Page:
11. I'd argue that your argument is the one negotiating out of fear. You seem to be under the assumption that there's no way we'll ever get better than whatever we are offered right now so we have to pull the trigger... because what if his trade value goes down? Dozier has a several season track record of being one of the better second basemen in baseball. Even his "bad" first half last season was actually pretty decent using analytics. I am pretty comfortable in assuming that he'll continue to be a productive second baseman and someone will make a similar offer. It's not like one pitching prospect offers are historically hard to come by. Keep in mind also that next season there are several more teams losing their 2B to free agency. Neil Walker (mets), brandon Phillips (reds), Jed Lowrie (A's), Brett lawrie (CWS)... even Logan Forsythe could hit free agency next year if the Dodgers decide he's a bust and don't pick up his option. While you could argue that that means more competition in the fact that they could just sign a free agent instead of giving up prospects to get one, there is also the fact that Brian Dozier is better than literally every single one of those guys and would be cheaper than some of them. Someone would be willing to part with a pitching prospect to get him.
  12. I disagree fully that they need to trade Dozier right now. He's incredibly affordable for 2 more seasons and a fan favorite. I do think they need to move him before his contract ends and I'd rather see that than any kind of extension, but that can be done this deadline, next off season, or next deadline. there's no reason to take a below-value offer just because there's an offer for a pitcher than might be a #2 only if he hits his ceiling, but is much more likely to be a #3-4. I don't know how much you've really looked into DeLeon but he's got a 92 MPH fastball and a really really good changeup. But nothing else. His movement pitches haven't done much for him. Add shoulder injury and a really bad callup to that resume and he's just a huge gamble. Way too big of a gamble to make a 1-for-1 deal for when you have flexibility. Also, if you moved Polanco to second, who do you have playing short?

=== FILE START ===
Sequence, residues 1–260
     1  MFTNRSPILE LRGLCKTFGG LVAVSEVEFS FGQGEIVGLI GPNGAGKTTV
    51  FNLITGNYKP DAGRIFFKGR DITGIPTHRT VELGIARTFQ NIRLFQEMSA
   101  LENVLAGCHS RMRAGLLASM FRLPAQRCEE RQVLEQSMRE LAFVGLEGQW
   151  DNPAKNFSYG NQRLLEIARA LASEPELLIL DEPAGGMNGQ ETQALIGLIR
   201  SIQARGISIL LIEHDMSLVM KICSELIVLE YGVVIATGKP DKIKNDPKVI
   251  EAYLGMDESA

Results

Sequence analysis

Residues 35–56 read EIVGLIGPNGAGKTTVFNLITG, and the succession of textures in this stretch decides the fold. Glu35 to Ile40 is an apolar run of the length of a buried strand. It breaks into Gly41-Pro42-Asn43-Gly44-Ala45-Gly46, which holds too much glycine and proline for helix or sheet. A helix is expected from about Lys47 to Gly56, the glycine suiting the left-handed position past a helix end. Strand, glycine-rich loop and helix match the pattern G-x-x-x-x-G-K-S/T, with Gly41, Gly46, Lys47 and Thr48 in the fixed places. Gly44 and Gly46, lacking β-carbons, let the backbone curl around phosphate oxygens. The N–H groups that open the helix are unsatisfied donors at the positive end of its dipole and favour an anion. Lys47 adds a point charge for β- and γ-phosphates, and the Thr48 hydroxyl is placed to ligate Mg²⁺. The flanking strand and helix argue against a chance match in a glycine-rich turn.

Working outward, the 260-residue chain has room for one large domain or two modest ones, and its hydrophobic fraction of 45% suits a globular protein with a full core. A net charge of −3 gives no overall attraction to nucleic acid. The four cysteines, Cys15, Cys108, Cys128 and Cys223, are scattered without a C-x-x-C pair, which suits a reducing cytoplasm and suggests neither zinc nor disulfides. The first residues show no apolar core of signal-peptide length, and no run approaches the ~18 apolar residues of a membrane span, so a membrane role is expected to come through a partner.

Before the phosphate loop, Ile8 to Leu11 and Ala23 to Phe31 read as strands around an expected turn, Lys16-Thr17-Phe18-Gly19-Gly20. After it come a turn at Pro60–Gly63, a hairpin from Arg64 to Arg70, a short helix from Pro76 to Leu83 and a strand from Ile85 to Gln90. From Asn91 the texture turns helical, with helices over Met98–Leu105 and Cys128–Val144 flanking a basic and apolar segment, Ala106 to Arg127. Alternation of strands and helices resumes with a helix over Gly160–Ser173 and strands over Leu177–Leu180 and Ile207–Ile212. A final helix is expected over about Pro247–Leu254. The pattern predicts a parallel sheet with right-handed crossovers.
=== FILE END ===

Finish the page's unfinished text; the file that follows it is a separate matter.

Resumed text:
13. Why *not* take it at the deadline instead of now? Then you still get a half season of a fan favorite and something to root for in an otherwise dull off-season. And the only real roll of the dice is injury - if it's Dozier getting injured then it'll obviously make it tougher to get value for him. If another team's second baseman gets injured, well then that bare minimum 1 pitching prospect return has now just gone up. There's no rush to move him and you can get *at least* the current deal later. So you don't do the move. And as far as that second sentence goes, the reverse is more true. If you aren't willing to move significant prospects, you aren't going to land any of the top players (of their position) in the league. One potential middle of the rotation guy with recent injury history is not equal to someone like Dozier. At least not when the selling team isn't in a position of *needing* to trade.
  14. He's not a top 10 prospect. Top 10 prospect and "top 10ish" pitching prospects are two *vastly* different things. The most recent prospect ranking that just came out about a week ago on ESPN had DeLeon ranked the 74th best prospect in baseball. Twins can get that at the deadline.
  15. I disagree with your logic here. That's not evidence that the Dodgers offer to the Twins was more than just DeLeon. That's your hypothesis, but it's not proof. One could just as easily say that based off of them *only* parting with DeLeon the Dodgers may have told the Twins it was just DeLeon and nothing else to start. They could have said DeLeon was the only major piece they were willing to part with and they had other options available (and likely had already discussed DeLeon for Forsythe with the Rays). And they could have been the listening party for offers (since we know Falvey said he was going to stop making calls) and willing to possibly budge if the Twins came up with something - but in the end just got a lesser second baseman for the price they were willing to part with. That's just hypothesizing as well, but the point is... like in the court of law - if it *can* be explained another way, it's not proof. We still don't know what they offered, but media reports were saying the Dodgers really wanted 1-for-1. And that's what they got, elsewhere.